In a perfect world we think a husband and wife will arrive at the decision to get their affairs in order and complete funeral plans in unison. But, with a little additional thought we can see that is a tall order. It isn’t unusual for one or the other of spouses to be ready to make plans for end of life before the other one is ready.
The reality is that even long-married couples have lived different lives. They have had different careers, some friends in common and some not, they have enjoyed different leisure activities and sometimes even have a different faith than their spouse. Sometimes one partner in a marriage feels compelled to prepare for end of life before the other is comfortable with the idea. It’s ok to plan for one. But how do you tell your husband or wife that you have put a plan in place for your final wishes?
First, choose the right time to break the news. Make sure you will not be rushed, that you will have enough time to explain what you did, and why you did it. Pick a time when you are both feeling calm. Be sure you are well-prepared. Most importantly take the time to choose your words carefully.
Second, put a frame around your news. Begin by sharing your “why.” Why was it important to you to have a funeral plan in place?
“Because I don’t want to leave a burden for either you or our children.”
“Because it is important to me that certain things happen.”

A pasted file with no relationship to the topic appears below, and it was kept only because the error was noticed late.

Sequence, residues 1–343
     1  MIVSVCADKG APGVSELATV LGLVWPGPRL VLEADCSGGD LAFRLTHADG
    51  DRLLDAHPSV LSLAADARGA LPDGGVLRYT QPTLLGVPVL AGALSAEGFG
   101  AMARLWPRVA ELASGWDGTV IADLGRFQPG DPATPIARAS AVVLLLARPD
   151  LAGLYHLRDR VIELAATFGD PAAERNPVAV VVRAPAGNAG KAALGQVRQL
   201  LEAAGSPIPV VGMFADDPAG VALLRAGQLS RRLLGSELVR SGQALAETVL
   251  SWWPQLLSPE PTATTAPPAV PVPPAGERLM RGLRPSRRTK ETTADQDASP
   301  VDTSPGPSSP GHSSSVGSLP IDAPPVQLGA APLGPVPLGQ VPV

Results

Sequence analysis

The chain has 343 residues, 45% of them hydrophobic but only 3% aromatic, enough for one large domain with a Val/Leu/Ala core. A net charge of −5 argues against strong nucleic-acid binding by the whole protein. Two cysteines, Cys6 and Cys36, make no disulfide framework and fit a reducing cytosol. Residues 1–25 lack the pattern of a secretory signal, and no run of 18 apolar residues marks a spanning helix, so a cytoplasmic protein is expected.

“Because I love you and the kids, and I want you to be able to work together toward a common goal.”
Whatever your reason, take the time before you begin the discussion to work through the reason you needed to take this step. Prepare your words. Be clear and concise. Let the love show.
Next, explain what you planned. Share what you included in your plan. Burial or cremation, service with or without the body present, faith-based components, the service selections you made. Explain the details. Did you pre-pay for your funeral? Where will the paperwork about your plan be kept? Who will be called when death occurs?
Don’t forget to explain how completing your plan made you feel. “I feel relieved. I feel so happy to have this done. Completing my plan was much easier than I expected.” Share how you feel.
Finally, invite questions. Be calm and patient. Give your spouse time to catch up. Explain what choices you made and why you made them. If your spouse is open to it, schedule a time with the funeral director or pre-arrangement specialist who helped you put your plan together. Give your spouse the opportunity to ask him or her questions about the plan you completed.